Inky Nights: Mysterious Squid Are Subject of Study by Scientist

Before probing the outer reaches of our galaxy, alien hunters would be well-advised to turn their telescopes around, training them on Earth’s own cephalopods instead. The group of animals includes squid, octopus, cuttlefish and nautiluses and were seemingly jury-rigged by evolution, armed with suction cups, beaks, ink, jet propulsion, camouflage and an intelligence entirely unlike our own.

Sharks Meet Their Enemy and It Is Us

Every jittery Vineyard beachgoer is familiar with the iconic image of the restless great white patrolling the shallows, mouth agape, in search of a fleshy excuse to close it. Stacks of shark books celebrating the more lurid aspects of their behavior, particularly their extremely rare propensity to attack humans, already fill library shelves, but in Demon Fish, Washington Post environmental reporter Juliet Eilperin makes the case that the more fearsome animal is in the mirror.

As Mr. Collins Said, With a Modest Chuckle

The poem begins with the routine event of chopping parsley, a serious and yet absurd musing on a nursery rhyme known to all — three blind mice — and quickly spins into a quiet meditation on the sneaking cynicism that prevents us from feeling, and then, in shame, makes us feel all the more.

Like Father, Like Daughter: Alexandra Styron Flexes Her Muscle in Memoir

“I really did spend my entire childhood watching television,” says Alexandra Styron, a claim that stands in stark contrast to her endlessly expansive vocabulary and carefully crafted storytelling.

Shakespeare Seen in San Francisco

Chris Adrian is a fellow in pediatric hematology-oncology. He is also a recent graduate of the Harvard Divinity School. So he’s well-versed in tragic loss and grief, as well as the more abstract issues of immortality and the meaning of life. In his newest novel, The Great Night, he mixes all of these ingredients together and bakes them in an oven fueled by Shakespeare’s A Midsummer Night’s Dream. The result is an exquisitely heart-breaking novel, sprinkled with dark comedy, whimsy and sex.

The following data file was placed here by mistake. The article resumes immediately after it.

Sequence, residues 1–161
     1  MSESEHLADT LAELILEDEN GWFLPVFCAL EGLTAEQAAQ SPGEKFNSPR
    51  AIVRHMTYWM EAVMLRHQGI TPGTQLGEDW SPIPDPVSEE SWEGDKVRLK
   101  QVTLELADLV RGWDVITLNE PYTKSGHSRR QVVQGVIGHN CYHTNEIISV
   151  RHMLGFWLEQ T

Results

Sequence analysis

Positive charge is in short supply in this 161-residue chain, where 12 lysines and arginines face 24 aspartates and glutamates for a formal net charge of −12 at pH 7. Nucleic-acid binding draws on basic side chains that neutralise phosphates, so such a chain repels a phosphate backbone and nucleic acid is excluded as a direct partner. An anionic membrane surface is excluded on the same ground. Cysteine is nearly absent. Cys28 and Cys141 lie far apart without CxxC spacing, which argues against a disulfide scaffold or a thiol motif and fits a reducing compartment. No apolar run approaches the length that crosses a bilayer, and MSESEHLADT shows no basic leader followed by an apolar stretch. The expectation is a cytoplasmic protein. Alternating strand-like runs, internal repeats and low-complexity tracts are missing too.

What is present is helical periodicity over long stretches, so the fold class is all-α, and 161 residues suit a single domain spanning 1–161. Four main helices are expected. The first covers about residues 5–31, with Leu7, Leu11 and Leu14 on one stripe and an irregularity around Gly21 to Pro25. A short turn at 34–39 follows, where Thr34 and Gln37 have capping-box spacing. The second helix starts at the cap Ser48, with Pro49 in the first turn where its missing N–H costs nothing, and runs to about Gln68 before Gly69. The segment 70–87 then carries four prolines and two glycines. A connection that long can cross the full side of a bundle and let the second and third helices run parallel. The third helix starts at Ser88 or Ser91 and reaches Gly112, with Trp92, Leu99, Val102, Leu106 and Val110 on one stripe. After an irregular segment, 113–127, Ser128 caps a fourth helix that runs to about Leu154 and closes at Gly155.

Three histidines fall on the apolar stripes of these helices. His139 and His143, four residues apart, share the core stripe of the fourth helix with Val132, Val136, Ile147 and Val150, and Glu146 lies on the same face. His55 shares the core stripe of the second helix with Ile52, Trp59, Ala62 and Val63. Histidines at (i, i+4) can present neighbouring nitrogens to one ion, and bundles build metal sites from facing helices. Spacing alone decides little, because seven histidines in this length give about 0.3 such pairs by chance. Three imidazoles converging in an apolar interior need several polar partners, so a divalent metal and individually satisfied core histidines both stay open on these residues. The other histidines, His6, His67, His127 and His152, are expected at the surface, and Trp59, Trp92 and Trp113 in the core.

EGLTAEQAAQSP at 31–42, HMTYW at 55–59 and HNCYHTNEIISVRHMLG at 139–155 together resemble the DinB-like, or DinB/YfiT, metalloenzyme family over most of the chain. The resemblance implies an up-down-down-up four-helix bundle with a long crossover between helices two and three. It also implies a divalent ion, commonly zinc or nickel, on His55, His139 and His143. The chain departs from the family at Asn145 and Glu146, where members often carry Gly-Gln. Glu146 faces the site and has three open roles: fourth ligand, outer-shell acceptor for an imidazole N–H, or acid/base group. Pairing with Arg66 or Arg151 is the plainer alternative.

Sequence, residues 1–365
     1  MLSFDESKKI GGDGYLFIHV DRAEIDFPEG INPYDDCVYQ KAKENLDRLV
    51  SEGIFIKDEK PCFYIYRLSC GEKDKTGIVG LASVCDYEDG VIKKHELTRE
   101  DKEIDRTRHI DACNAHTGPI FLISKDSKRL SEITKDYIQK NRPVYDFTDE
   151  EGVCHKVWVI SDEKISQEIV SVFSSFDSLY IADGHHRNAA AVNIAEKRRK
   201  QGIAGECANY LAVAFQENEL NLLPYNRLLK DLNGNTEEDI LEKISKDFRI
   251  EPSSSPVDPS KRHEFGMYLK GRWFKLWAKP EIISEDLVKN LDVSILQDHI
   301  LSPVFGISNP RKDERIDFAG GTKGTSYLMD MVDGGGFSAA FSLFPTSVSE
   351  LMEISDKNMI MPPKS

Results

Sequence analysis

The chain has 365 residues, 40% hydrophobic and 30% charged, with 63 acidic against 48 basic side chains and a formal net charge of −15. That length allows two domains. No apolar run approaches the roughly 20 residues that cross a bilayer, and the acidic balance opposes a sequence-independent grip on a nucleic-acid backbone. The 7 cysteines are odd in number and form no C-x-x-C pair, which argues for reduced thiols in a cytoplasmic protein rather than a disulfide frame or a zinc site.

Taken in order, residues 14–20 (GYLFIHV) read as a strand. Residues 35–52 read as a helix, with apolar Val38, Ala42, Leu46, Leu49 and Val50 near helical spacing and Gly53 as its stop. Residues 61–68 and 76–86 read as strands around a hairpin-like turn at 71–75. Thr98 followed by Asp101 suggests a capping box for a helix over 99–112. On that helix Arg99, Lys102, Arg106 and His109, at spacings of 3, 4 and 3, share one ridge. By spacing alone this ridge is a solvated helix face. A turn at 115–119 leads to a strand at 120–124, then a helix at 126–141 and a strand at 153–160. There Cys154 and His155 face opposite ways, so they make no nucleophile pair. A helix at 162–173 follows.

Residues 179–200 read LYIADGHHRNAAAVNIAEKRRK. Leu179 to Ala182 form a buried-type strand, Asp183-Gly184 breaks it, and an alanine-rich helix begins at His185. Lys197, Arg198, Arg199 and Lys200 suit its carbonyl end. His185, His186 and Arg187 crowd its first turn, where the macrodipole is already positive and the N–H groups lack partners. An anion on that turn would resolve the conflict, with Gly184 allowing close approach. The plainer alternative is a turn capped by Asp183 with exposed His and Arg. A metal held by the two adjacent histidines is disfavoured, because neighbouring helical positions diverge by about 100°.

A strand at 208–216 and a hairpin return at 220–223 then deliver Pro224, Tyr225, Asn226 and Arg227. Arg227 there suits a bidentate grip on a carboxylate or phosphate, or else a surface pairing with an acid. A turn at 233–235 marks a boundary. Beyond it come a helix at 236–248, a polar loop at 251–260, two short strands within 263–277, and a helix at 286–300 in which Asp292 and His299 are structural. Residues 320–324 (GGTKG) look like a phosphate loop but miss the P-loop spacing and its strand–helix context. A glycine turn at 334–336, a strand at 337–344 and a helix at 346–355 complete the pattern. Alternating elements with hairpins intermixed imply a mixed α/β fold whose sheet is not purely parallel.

Boxing Shadows of a Violent Youth

We often want to know more about our favorite authors. After investing hundreds of pages of time in their created worlds, we feel entitled to know more about what they’re like in our shared world. It’s the root of our fascination with Hemingway’s boxing and Faulkner’s drinking, with Greene’s Catholicism and Salinger’s reclusiveness. We want to know more, but rarely do we get our wish. However, you would be hard-pressed to find someone who shares more than Andre Dubus 3rd.

Composting a Back-to-the-Land Past

In the early 1970s, when the tide of summer residents would go out in September, there were always young people who didn’t want to leave the Vineyard — and they didn’t have to, because there was no particular place they planned to go. Land was still relatively affordable, or their families had land, and they built themselves homes back in the woods, had kids, a few animals and a garden, and patched together a living with the usual Vineyard hodgepodge of work or self-employment.

Larry Mollin 02568: The Story So Far


A trademark of the boomer generation is that we never follow a straight line for a career path. It looks more like a privet hedge labyrinth in old English country gardens.

Watching the Detective, New Book Reveals Fictional Sleuth’s Island

Cynthia Riggs, daughter of Dionis Coffin Riggs, has immortalized her mother as the 92-year-old sleuth Victoria Trumbull of a popular Island mystery series. Riggs, the younger, has penned ten of these novels so far, the title of each one inspired by the name of a poisonous, or at least sinister, flower, such as Deadly Nightshade and The Paperwhite Narcissus.